The synchronisation signals follow a different path. They can be derived from the analog video signals, in which case these signals are composite video signals, such as for traditional black and white monitors. These signals can be obtained after video gain re-sizing in the video gain circuit 30. In that case, the video gain circuit can also be used as a sync gain circuit. In the case of three separate analog video signals for RGB colour images, the sync signals can be on the green channel, while the red channel must be digitized. In that case, the green analog video signals may need another gain factor than the red channel, which is done in the external sync gain circuit 36. Also vertical drive signals or separate HSYNC and VSYNC signals can be selected in the sync selection and separation circuit 37, to generate a uniform CSYNC. The analog CSYNC signals can preferentially be filtered by a low pass filter 50 different from the analog low pass filters 31, to eliminate high frequency noise. The analog CSYNC signal is supplied to a comparator circuit 38, to convert the analog CSYNC signal to a binary digital signal having value 0 or 1. Low analog CSYNC levels are transformed to a level 0, while high analog CSYNC levels are transformed to a level 1. The discrimination of which analog CSYNC level is low or high, is made by a sync threshold setting within the comparator circuit. Preferentially, the sync threshold value can be set by an eight bit register, containing values from 0 to 255. This register is coupled to a digital to analog converter, that converts the digital value to a threshold level, against which the analog CSYNC values are compared. The digital signals from the comparator circuit 38 can be fed into a sync signals digitizer 43. This digitizer is driven by a sampling clock generator 42 and stores at every rising edge of the sampling clock signal the digital value from the comparator circuit 38 in the digital memory 35. In order to instruct the digital memory 35 which digital values must be stored, a video or sync digitize selection circuit 34 is installed between the analog video digitizer circuit and the sync signals digitizer.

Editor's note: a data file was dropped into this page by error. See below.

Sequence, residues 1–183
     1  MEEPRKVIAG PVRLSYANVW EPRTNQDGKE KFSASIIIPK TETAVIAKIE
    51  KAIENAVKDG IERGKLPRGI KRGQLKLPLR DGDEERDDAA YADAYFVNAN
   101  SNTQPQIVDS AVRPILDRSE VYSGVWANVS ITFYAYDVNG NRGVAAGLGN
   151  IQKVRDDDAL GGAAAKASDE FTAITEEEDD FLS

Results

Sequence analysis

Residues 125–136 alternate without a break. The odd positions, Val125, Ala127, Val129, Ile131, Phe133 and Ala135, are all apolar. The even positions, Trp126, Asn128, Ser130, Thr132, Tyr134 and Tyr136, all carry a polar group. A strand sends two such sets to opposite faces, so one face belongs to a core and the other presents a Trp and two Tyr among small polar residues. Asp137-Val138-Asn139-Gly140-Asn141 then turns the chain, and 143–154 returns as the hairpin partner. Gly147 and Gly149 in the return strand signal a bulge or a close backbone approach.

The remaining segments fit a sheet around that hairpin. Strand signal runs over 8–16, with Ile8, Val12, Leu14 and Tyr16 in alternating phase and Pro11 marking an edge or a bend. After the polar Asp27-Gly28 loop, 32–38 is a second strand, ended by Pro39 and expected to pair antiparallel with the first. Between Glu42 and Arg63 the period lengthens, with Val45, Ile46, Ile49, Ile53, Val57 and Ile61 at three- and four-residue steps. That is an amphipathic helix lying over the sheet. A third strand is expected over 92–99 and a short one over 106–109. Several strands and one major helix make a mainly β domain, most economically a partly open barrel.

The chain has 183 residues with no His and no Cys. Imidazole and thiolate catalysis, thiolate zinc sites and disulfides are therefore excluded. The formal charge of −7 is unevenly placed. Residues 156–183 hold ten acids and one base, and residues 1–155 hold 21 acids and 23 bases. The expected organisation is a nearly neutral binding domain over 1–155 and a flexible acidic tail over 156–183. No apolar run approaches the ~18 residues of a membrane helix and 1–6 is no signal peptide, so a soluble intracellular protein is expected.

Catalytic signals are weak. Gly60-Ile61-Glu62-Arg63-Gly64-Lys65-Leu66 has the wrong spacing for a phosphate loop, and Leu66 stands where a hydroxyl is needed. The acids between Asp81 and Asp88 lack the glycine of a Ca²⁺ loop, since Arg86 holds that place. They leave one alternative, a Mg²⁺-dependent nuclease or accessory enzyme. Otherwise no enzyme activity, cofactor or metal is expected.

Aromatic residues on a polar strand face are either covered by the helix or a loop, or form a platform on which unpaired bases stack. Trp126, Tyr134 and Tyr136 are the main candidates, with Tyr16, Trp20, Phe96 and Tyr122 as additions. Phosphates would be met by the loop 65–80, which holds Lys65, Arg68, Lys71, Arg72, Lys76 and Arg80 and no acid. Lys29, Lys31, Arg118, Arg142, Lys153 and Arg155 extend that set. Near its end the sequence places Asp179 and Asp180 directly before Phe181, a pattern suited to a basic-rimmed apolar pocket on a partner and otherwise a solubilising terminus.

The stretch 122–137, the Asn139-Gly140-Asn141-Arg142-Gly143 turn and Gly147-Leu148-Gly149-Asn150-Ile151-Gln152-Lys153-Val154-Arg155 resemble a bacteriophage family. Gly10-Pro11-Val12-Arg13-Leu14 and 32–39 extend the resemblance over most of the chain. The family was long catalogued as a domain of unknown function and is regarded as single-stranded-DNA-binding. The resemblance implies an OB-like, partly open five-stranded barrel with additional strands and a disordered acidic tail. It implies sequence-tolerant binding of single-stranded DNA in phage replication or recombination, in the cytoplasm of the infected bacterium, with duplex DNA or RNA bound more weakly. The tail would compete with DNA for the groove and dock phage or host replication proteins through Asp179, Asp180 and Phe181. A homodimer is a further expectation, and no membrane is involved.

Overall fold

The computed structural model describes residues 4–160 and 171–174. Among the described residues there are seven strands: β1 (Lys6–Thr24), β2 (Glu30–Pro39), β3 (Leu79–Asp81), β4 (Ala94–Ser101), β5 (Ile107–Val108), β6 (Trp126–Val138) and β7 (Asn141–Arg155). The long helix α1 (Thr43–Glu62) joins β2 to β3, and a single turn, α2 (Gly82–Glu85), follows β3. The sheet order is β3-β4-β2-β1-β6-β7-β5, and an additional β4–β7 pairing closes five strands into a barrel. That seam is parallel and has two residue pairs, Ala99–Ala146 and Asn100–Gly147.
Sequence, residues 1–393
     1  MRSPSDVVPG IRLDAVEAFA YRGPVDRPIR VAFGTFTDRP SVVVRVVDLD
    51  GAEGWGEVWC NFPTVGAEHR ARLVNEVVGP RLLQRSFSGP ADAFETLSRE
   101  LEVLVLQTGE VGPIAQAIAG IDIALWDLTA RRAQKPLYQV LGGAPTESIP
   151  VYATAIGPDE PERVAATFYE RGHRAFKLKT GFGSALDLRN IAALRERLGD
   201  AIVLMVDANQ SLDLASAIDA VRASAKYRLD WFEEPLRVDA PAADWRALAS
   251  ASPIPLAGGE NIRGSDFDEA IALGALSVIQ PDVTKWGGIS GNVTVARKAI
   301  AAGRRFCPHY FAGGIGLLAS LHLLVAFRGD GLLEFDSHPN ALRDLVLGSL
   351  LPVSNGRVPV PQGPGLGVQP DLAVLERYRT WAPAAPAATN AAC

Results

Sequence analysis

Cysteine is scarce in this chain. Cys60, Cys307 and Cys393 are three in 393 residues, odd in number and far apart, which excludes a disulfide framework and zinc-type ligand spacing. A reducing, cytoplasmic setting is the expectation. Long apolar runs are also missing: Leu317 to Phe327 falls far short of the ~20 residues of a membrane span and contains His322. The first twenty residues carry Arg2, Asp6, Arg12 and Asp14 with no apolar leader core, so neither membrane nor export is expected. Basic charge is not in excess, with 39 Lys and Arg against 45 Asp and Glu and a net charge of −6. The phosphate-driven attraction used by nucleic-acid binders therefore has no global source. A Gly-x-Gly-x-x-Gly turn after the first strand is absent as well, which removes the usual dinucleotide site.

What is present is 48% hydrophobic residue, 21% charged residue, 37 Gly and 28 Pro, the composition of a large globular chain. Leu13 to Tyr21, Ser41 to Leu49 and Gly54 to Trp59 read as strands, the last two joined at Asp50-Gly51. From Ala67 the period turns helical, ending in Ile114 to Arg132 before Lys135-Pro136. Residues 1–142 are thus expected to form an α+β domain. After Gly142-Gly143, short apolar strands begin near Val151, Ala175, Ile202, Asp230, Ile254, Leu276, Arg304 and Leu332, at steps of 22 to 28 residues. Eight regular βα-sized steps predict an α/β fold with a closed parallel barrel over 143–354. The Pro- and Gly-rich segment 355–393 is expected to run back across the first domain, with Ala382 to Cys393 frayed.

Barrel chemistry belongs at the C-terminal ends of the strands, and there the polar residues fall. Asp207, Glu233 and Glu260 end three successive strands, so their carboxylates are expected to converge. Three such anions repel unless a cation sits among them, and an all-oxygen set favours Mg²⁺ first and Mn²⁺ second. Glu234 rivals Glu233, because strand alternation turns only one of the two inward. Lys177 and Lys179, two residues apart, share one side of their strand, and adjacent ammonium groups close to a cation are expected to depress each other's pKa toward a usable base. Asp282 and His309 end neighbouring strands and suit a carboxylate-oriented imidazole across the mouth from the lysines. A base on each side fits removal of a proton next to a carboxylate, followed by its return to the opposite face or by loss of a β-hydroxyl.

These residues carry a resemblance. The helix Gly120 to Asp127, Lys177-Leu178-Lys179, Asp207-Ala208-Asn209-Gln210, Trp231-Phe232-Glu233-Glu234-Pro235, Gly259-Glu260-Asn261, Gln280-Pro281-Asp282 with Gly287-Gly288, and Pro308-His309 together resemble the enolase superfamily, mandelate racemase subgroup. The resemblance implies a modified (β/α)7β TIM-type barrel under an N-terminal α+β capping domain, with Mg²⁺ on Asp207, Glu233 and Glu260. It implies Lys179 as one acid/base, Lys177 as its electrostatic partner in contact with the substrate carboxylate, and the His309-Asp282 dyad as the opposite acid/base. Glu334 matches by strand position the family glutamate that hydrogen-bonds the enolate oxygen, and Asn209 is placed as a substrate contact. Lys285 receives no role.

Alternatively, the analog CSYNC signals can also be sent directly to the analog video digitizer circuit 33, where a selector selects whether the pure analog video signals or the analog CSYNC signals must be digitized.
The sync threshold for the comparator circuit 38 and the sync gain factor for the external sync gain circuit 36 can be set, as will be discussed below, such that the threshold is situated in the middle of a rising or falling edge of the analog CSYNC signals. The free choice of the sync gain factor and sync threshold has the advantage that analog synchronisation levels can be sampled such that the synchronisation timings are most accurately known. This has an advantage for the sampling of the sync signals in the sync signals digitizer and for the sampling clock generator 42 for the analog video digitizer 33, that derives its base clock from HSYNC signals obtained from the digital CSYNC signals. The digitized CSYNC signals are also fed to a digital sync analyzer circuit 39, that mainly generates HSYNC signals, indicating the falling edge of the HSYNC signals. These HSYNC signals can be selected by the base clock selection circuit 40 to serve as base clock signals for the sampling clock generator circuit 42. The base clock selection circuit 40 can also select a fixed system base clock 41, in the current embodiment having a fixed frequency of about 60 kHz. This fixed base clock 41 is mainly used for serving as base clock when sync signals must be digitized. The base clock signals can then be delayed by a programmable delay circuit 27, in order to sample the analog video signals at the optimal time, as will be described below. In order to save memory space and transmission time for the digital image signals, an active window delineation circuit 44 is installed, that inhibits the sampling clock signals from the sampling clock generator 42 towards the analog video digitizer 33, as long as the analog video signals are outside the active window. This is especially true for the period where HSYNC and VSYNC signals occur in the analog video signals. The active window delineation circuit 44 must reset a pixel counter each time a falling edge in the HSYNC signals occurs. Because the moment of the falling edge and the moment of the rising edge of a sampling clock signal can coincide or occur critically close to each other, a HREF (horizontal reference) delay can be introduced to the HSYNC signal by the HREF adjust circuit 45. Preferentially, the HREF adjust circuit can delay the HSYNC signal with variable delay times, ranging from 7 to 14 nanoseconds in increments of 1 nanosecond. In the following paragraphs we will discuss how the various settings can be optimally chosen based on several video timings, to give high quality digital image signals.